I took a few moments to assess my pain, could I put weight on it? Could I walk? I stumbled a bit off the trail as groups of runners behind Matt and I passed. At only 4 miles in, many runners asked what was up. I tried to look happy, smile, brush it off, but in my head I was angry. Why did this happen? Why am I hurt again, RIGHT before Ice Age. I knew this feeling all too well from previous years. When I ran in 2015 my training was again disrupted 2 weeks before the race due to hip pain. I still started and finished 2015 and definitely outside of my goal time. That year I was also was signed up for the Kettle 100, which I never started. Once again, I felt Kettle fall out of reach. Ice age was supposed to be another build up run before Kettle, HOW am I going to be ready for Kettle? I hiked back feeling defeated as I passed runners who were heading out.
I hiked back a little bit and eventually I realized that putting weight on my ankle didn’t hurt, so I tried running. Running wasn’t painful either! Uneven ground or weird movements caused a little bit of pain, but it was nothing like my previous sprain in 2012. Eventually the miles back to my car didn’t seem so daunting. I was able to hike and run bits and pieces of the trail and I even thought about staying out for a few more miles but I knew better. I needed to start rehabbing whatever damaged I had done instead of putting more stress on the injury.
I was able to run a bit more of the Nordic loop because it was less technical. With no real pain I was feeling optimistic but then I had to drive home (My car is a stick and my bum ankle was my left). My ankle started slowly swelling before I even took my trail shoe off but luckily there was no major bruising right away. I could walk without limping, and since there was little pain and I still had hope.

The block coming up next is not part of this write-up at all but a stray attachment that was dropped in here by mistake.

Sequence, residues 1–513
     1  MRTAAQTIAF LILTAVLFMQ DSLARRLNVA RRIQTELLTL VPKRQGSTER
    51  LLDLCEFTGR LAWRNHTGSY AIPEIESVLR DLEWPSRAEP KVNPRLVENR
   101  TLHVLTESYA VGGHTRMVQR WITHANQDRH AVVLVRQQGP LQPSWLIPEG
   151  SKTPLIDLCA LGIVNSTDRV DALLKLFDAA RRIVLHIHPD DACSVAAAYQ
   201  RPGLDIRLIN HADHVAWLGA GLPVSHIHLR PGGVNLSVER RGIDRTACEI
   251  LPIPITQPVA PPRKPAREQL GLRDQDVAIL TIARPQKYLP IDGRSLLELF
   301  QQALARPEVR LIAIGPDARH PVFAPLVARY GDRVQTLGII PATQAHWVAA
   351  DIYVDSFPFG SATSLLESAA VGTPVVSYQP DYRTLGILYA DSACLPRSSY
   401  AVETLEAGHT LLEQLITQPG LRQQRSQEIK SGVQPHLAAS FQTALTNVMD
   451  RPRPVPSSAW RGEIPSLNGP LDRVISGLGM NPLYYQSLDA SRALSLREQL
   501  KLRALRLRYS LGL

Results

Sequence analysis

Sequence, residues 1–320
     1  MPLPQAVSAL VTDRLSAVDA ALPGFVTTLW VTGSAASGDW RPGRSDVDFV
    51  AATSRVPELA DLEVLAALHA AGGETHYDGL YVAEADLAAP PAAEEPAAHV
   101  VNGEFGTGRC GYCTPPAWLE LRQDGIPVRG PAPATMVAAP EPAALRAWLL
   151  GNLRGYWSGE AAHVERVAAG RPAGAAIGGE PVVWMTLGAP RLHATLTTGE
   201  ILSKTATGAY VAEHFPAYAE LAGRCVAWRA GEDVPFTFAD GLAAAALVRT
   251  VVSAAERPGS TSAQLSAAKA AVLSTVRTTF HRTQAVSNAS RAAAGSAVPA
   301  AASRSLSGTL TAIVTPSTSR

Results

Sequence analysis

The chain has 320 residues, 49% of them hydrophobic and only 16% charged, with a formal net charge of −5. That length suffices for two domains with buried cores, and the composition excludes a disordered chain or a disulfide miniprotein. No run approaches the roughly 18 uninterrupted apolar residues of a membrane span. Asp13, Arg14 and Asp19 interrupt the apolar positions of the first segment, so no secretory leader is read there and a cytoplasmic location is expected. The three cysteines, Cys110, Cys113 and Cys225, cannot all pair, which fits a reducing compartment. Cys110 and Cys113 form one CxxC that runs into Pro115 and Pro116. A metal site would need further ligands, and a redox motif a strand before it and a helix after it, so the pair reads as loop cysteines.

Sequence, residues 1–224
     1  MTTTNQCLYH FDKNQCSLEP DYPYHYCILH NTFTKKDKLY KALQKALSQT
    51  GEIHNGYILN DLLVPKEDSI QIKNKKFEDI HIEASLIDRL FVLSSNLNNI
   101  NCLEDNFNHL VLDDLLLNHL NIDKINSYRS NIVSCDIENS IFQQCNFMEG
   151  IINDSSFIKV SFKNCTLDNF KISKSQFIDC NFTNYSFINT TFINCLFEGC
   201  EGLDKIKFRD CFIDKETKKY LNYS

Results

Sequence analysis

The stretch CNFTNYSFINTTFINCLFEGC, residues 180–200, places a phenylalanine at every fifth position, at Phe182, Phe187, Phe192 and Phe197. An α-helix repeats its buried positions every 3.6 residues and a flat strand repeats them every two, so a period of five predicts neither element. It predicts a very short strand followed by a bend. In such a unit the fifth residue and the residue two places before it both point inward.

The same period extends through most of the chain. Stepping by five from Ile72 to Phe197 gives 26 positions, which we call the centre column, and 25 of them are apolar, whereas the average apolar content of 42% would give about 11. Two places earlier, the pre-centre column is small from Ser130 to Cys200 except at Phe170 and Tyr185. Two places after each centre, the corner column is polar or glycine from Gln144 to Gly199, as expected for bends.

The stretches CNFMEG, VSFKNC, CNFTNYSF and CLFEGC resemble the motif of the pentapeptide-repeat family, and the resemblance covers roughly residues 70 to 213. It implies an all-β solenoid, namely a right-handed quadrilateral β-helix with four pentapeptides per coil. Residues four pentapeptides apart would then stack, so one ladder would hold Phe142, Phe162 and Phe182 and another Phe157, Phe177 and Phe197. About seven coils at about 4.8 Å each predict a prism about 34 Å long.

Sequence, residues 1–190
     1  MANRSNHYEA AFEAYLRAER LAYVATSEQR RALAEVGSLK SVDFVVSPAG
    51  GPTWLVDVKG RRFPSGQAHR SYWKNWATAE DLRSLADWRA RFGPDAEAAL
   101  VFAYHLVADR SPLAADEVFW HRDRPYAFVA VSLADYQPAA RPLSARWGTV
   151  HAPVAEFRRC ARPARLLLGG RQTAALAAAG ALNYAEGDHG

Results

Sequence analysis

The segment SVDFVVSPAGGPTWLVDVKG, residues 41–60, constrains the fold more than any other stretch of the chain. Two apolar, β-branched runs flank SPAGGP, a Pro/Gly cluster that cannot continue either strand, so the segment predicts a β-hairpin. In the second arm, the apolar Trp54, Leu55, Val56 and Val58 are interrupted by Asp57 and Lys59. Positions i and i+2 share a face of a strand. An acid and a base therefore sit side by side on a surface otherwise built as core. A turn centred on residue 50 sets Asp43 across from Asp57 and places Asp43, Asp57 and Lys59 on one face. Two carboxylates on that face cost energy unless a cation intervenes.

Walking into the house to Andrew felt like a walk of shame. He hugged me and sent me to the couch, brought me a bag of frozen peas and made me rest. I spent the rest of the day on the
couch with peas and watching my ankle slowly develop a golf ball appendage that wasn’t supposed to be there. The rest of the weekend I spend moping around the house and icing my ankle.
In the middle of the week my entire foot began to swell. After 7 days, I still didn’t have pain unless I moved it the way I rolled it. I could balance and put all my weight on that ankle, but it looked like hell. Not only did I bruise above my ankle and near my achilles, but I also bruised along the bottom edge of my foot. Finally, I tried an Epsom Salt soak before bed one night. I woke up and the swelling had significantly gone down.
At this point, I knew that any sort of training I got in wouldn’t affect my race for the better but it could make things worse. I decided to rest my ankle until race morning. Of course that has me
worried, but I need to have faith in my body and my training. I’m asking it to do some amazingly hard things next Saturday. I cannot forget that Ice Age is a stepping stone for Kettle. After Ice Age I only have 20 days until I attempt to run 100 miles again. Kettle is just another stepping stone for bigger things and to get there I have to start somewhere.